Tied selling giving banks an unfair advantage?

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Brokers have a tough enough time competing with the banks, and one industry professional believes tied selling -- going by a different name -- continues to skew the playing field.

“[Bank employees] have a target on a weekly basis for not just selling mortgages but other products that they have to cross-sell, and to meet that target they have to look at other ways to changing their wording in delivering their speech to customers to cross-sell other products,” Deepak Bansal of Dominion Lending Centres told MortgageBrokerNews.ca. “They have to watch their discretions as well – if their discretions allow them to go on a five-year rate down to 2.69 but 2.79 is competitive, they’ll offer 2.79 but [say] ‘Mr. Smith if you’re able to open a bank account with us and apply for a Visa we might be able to bring that rate down to 2.74 or 2.69.’”

Bansal, who worked in the banking industry for a number of years, says this kind of practice has gone on since he was a banker. And bank employees are using this method to hit their sales targets for a number of products, not just mortgages.

According to Bansal, it’s called coercive tied selling and is in breach of the Financial Consumer Agency of Canada Act.

The Act states that banks are not permitted to engage in “coercive tied selling” or “forced purchases” – meaning banks cannot force clients to buy certain products as a condition of approval for others, such as mortgages.

But is what Bansal is describing in violation of the Act?

Not according to the wording on the FCAC’s own website.

“Banks (and their affiliates) are allowed to offer consumers, in conjunction with one of their products, another product or service on more favourable terms than they normally would provide. This is similar to a company offering a deal or discount to its customers if they purchase more than one item from the company,” the FCAC page on tied selling states. “For example, if you obtain a loan from a bank to purchase a Registered Retirement Savings Plan (RRSP) investment, the bank might offer you a better rate on your loan if you also purchase your RRSP investment from them.”
  • Andrew on 2015-02-11 12:11:03 PM

    It is called "relationship pricing" - not tied selling. If they say you cannot have the mortgage if you do not take these other products, that is tied selling. But nothing wrong with reducing the rate if they take other services. We not have to like it but lets be sure we compare apples to apples. No different in our industry when brokers buy down rates for their top clients and referral sources but not for all clients.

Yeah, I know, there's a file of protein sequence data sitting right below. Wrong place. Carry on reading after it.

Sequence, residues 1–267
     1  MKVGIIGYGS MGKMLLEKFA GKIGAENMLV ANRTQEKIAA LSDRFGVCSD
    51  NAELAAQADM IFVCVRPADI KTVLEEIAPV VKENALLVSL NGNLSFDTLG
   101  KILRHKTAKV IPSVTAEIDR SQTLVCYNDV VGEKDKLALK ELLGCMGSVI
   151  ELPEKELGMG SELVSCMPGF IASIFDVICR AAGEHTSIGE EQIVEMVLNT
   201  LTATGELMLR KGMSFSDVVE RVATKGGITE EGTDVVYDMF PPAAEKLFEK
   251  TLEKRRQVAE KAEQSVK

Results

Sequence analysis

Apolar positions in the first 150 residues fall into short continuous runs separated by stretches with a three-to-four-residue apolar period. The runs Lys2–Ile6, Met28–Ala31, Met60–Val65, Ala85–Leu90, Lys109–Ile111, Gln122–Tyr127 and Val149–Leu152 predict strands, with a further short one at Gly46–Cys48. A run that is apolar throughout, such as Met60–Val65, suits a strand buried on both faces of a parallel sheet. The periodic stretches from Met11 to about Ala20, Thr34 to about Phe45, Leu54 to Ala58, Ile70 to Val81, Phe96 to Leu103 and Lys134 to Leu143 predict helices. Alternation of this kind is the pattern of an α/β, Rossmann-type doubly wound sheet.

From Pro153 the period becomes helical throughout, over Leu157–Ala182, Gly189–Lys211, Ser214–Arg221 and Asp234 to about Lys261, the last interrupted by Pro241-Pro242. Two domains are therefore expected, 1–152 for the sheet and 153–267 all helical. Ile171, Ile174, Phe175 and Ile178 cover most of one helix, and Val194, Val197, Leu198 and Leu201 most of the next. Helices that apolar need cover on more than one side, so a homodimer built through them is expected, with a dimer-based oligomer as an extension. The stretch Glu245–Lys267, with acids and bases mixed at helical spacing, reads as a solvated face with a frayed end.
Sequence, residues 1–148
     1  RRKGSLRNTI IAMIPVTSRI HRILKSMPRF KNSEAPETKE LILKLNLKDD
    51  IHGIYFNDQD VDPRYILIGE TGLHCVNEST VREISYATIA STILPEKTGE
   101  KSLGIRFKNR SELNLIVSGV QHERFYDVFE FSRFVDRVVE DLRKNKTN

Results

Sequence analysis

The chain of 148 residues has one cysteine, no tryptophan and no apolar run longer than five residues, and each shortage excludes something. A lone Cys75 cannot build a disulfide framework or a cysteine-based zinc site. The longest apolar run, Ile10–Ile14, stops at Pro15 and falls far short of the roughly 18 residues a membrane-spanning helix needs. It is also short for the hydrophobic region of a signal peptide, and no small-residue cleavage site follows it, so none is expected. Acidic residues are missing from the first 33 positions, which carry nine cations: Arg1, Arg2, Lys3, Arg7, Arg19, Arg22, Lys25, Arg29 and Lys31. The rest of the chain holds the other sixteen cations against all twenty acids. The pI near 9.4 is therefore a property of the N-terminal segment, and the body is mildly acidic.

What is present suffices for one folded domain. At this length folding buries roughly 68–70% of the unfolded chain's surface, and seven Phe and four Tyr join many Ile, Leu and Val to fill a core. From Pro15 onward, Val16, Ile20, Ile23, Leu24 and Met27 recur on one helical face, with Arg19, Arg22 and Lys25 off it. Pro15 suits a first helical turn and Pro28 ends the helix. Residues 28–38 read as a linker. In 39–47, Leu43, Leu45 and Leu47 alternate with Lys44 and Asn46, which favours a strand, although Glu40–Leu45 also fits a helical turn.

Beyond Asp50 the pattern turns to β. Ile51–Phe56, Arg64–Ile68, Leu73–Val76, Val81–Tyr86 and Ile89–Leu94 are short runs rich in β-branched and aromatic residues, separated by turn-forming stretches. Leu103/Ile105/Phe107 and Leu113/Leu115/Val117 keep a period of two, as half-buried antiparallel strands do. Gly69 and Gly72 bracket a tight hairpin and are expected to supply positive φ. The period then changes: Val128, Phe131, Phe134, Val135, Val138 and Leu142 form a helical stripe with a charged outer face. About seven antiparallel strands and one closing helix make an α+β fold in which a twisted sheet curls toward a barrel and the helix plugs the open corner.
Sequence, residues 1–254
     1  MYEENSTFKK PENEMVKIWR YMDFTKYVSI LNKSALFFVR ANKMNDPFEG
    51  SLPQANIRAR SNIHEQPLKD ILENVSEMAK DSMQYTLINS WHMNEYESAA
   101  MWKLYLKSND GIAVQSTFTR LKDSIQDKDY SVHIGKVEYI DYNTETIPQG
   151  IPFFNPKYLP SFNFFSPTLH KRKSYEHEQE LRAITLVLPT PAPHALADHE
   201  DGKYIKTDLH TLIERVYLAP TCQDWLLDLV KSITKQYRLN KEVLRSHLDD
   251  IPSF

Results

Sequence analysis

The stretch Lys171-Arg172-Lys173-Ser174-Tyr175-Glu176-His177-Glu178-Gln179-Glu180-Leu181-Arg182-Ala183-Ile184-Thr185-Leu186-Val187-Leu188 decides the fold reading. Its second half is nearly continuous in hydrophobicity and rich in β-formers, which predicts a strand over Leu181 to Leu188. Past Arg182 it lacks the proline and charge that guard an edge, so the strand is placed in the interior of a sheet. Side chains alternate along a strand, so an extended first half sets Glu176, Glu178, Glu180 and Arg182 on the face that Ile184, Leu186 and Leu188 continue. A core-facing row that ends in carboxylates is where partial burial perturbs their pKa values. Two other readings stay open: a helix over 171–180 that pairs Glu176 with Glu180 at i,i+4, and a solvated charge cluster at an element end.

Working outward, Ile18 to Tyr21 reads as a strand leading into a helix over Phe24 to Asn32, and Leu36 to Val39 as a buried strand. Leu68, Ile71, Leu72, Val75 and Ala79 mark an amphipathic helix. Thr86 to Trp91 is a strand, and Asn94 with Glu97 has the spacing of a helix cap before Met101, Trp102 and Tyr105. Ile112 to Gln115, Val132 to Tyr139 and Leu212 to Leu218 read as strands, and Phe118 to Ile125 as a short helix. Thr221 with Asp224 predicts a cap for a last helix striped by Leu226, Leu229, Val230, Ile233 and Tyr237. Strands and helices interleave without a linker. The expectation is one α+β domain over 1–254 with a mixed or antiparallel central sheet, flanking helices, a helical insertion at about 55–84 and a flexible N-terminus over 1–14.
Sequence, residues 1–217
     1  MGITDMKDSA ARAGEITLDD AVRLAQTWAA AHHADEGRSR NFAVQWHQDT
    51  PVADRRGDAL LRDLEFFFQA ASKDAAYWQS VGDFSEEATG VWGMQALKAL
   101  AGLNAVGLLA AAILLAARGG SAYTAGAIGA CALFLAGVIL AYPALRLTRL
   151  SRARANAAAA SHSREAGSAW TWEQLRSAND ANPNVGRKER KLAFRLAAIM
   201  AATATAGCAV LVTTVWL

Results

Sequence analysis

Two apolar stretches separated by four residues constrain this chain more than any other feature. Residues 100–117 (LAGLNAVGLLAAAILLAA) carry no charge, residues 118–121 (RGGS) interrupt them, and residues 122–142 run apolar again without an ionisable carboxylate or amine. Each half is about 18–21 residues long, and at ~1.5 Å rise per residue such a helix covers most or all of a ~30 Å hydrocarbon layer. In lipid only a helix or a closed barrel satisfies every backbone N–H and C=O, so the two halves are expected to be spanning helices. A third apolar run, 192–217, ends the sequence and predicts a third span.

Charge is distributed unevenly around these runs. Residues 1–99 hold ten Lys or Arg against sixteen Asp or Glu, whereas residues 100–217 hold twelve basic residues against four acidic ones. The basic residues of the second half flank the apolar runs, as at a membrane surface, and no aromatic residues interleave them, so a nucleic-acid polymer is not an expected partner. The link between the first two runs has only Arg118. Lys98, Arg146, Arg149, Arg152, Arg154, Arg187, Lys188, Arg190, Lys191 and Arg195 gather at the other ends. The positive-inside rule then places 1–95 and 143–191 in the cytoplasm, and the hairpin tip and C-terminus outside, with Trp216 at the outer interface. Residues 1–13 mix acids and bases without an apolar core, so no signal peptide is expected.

• John Greenlee on 2015-02-11 12:12:13 PM

    I had a situation where a client came to me and said the bank offered the same rate as I had offered them with the promise of a discount on their banking fees.

    With this information I did the math on how much I was going to make on the deal really quickly if I bought it down 5 points and then offered to cover the costs of their entire banking fees for the 5 year term which came out to around $700.

    Fact is at that point I was going to make $0 if I didn't do something. The client took my offer and I closed the deal. I made less, but it was better than zero.

  • James Robinson on 2015-02-11 12:16:44 PM

    Andrew is bang on with his comments and it is just good business. As much as we all dislike the power the big banks have, we have to compete and fortunately, we have expertise and experience while a large number of bank employees only have price. How many "Financial Advisors" as the bank likes to call their salespeople, haven't even bought their fisrt car, much less a piece of real estate. Don't sell yourself short by thinking your only value is price.

  • Chris on 2015-02-11 12:17:47 PM

    Similar to buying a Big Mac at McDonald at a certain price but if you make it a Combo then it will be cheaper. I would not consider that as tied selling. A lot of other businesses have similar practice, the more items you buy the better deal you can get, it simply makes sense.

  • Ken on 2015-02-11 12:41:09 PM

    I'm a recently retired Branch Manager for one of the Big 5, now working as a Broker.